U.S. 27 in Somerset is known for being lined with a variety of gas stations, from the north end to the south — plenty of places to fill up.
On Tuesday, those options became a little bit more limited.
Customers pulled up to put gas not only in their vehicle but in spare tanks. Long lines wrapped around pumps. Gas stations actually ran out of fuel in some cases.
The cause, of course, was a concern over gas availability and cost following the headline-topping May 7 cyberattack on the Colonial Pipeline, a 5,500-mile system which provides almost half of the supply fueling the nation's East Coast.
Rising prices at the pump nationally was an initial reaction to the disruption in fuel availability, which saw a panic-buying reaction in many areas. Somerset was not immune, as social media posts about gas stations running dry were the buzz du jour on Tuesday.
Leah Taylor, President and CEO at Cumberland Lake Shell, the local petroleum product wholesaler, said that it has been a "struggle" to acquire gasoline on their part.
"We're just supplying it as we can get it and putting everybody on allocations," said Taylor. "There is still supply. We're pulling more product out of Lexington and the Catlettsburg area. Hopefully we get good news in the next day or so, but we're just following the news along with everybody else."
The "good news" Taylor was waiting on was when the pipeline would be turned back on — she'd heard that by the end of the week, it should be up and running — but that "good news" track proceeded perhaps sooner than expected. On Wednesday afternoon, after the Commonwealth Journal spoke to Taylor, the company operating the Colonial Pipeline said it had restarted operations, though they noted it would still take several days for the delivery supply chain to fully return to normal.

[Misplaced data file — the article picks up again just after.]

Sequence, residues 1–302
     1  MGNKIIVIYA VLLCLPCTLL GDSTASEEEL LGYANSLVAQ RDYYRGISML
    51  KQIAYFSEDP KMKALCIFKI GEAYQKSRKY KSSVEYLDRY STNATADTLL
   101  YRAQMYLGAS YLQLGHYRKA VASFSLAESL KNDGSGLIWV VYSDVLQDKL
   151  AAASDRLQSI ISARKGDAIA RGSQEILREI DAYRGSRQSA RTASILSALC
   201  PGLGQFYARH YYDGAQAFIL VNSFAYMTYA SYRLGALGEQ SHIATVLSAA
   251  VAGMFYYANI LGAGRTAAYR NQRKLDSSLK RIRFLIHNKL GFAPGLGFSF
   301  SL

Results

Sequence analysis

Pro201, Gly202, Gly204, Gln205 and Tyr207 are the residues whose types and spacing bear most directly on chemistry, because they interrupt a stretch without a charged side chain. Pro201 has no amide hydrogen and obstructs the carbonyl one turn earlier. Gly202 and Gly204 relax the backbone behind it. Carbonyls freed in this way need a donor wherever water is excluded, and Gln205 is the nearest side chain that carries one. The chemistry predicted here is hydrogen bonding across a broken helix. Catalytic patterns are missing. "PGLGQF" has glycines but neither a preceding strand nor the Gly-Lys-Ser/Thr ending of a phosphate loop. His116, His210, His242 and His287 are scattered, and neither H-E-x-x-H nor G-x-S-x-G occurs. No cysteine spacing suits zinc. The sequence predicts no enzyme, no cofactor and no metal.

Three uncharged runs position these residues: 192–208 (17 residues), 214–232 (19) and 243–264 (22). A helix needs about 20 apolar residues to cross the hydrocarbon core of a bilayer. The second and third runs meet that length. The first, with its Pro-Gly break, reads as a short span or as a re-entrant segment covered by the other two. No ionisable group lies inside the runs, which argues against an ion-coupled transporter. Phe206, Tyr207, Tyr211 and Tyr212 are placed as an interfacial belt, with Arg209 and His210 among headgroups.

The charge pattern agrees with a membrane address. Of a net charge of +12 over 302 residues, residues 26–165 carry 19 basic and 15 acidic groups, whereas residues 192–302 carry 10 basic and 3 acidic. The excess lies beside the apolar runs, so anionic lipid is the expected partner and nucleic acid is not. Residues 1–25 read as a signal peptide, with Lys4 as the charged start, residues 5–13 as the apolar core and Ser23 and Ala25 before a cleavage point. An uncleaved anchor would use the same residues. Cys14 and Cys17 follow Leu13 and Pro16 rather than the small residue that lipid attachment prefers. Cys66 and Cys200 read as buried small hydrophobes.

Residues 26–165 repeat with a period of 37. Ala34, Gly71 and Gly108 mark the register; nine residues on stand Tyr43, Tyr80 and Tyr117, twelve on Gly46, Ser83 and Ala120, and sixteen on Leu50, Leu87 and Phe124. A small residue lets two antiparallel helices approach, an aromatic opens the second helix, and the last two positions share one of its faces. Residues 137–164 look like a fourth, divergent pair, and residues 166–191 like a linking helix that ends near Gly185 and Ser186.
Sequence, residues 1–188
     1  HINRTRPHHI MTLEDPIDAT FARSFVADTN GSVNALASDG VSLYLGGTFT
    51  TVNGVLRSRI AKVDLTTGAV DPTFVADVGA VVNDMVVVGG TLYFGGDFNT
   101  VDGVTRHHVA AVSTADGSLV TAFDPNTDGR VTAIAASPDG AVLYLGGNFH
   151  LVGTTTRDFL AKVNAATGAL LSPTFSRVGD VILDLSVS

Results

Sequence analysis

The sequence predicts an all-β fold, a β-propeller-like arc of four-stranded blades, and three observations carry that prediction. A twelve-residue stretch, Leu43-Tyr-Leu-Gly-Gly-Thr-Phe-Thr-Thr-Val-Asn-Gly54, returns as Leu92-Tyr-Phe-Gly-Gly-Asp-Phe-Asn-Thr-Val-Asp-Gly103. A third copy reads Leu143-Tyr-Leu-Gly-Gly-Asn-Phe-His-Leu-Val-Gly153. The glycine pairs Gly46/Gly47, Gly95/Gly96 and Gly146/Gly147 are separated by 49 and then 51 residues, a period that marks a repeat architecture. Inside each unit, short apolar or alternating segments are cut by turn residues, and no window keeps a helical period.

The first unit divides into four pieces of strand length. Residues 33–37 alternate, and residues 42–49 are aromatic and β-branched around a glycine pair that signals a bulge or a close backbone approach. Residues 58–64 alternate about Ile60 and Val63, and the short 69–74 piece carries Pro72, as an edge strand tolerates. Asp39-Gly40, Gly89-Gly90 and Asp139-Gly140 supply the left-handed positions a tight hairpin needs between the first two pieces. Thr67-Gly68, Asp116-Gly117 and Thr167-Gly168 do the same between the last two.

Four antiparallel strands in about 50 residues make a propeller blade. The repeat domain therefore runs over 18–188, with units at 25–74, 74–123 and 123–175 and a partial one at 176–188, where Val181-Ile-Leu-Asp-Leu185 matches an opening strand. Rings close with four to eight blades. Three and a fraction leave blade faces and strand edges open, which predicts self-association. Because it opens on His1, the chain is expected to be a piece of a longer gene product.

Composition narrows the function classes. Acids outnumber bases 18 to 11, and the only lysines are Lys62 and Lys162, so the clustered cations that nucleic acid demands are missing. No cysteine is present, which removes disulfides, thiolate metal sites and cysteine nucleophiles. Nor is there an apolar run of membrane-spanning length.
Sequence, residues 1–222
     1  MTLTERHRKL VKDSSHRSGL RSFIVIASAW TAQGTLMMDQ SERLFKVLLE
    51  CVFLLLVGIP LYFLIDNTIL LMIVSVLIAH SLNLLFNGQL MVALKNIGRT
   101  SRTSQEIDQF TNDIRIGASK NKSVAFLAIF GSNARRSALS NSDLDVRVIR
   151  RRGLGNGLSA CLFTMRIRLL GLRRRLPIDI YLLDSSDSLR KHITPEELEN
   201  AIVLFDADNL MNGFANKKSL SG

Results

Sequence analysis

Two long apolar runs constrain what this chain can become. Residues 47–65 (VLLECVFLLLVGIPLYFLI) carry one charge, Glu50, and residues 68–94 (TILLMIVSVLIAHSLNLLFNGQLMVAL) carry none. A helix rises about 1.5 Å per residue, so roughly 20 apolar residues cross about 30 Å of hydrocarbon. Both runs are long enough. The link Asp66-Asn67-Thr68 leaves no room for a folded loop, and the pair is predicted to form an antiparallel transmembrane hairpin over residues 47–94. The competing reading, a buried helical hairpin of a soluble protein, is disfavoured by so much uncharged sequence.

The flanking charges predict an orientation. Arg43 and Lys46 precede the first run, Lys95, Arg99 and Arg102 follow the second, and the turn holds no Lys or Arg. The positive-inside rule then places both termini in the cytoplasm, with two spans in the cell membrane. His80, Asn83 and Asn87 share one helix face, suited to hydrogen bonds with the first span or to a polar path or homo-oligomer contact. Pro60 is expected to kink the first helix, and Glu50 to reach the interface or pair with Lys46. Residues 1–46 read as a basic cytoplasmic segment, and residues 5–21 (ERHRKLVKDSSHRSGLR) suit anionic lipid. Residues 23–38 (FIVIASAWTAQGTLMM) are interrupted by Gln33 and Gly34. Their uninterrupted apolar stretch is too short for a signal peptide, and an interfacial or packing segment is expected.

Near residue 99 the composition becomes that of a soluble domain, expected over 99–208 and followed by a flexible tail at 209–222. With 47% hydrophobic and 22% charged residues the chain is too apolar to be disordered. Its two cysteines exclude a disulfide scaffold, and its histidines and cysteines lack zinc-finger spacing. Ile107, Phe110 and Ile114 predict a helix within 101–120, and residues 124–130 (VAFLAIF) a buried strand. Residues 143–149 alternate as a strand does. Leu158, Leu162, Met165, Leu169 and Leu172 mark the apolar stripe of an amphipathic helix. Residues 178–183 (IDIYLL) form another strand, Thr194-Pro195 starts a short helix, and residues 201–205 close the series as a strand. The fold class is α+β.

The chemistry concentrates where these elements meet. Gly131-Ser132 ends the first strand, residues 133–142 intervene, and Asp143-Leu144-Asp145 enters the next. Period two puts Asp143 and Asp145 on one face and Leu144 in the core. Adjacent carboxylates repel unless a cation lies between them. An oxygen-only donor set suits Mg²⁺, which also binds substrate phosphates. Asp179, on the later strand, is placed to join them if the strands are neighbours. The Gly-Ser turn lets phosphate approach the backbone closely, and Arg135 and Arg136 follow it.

"What's exacerbated this has been public panic," said Taylor, though she noted that it's a "natural reaction" for people to go out and buy more gas than usual whenever a situation like this one becomes national news.
"We've seen some businesses limiting (how much one customer can buy) because people are filling up everything they have. They're wanting to top off their gas or put it into gas containers, that's been happening quite a bit," said Taylor. However, she observed, "You can't control what the public wants to do."
Taylor said that Cumberland Lake Shell has been able to resupply retailers "fairly quickly as time allows," and has been splitting product between stations as they get it so that the distribution is fair. "It's just a matter of first come, first serve as far as when we get product," she said.
Many remember the gas shortages from the 1970s that saw long lines at product-starved stations evolve into a national crisis for long periods of time. This situation isn't on that level, assured Taylor, and will be a relatively short-term problem.
"We're quite a long way from" what happened in the '70s, she said. "... This is just an anomaly. It's just such a terrible thing to happen to the pipeline, but it's not as long-lived as some shortages have been."
Things seemed back to normal from a quick observation of U.S. 27 businesses on Tuesday. However, at least for a while, people won't be able to buy gasoline from the City of Somerset Fuel Center. The shortages forced the city-operated gas station to pause public sales for a few days to make sure their own vehicles — police cruisers, fire trucks — have enough fuel, said Somerset Mayor Alan Keck.
"You're starting to see some folks get nervous," said Keck. "(The supply problems) aren't as severe if everybody doesn't rush out and buy it and treat it as a snow storm. You end up creating supply issues for everybody by rushing to the pumps and buying in one day what would normally be spread out over seven; you exacerbate a problem that doesn't exist."
Keck said the pause in city sales to the public would likely only last to this weekend, but that's "to be determined," he noted.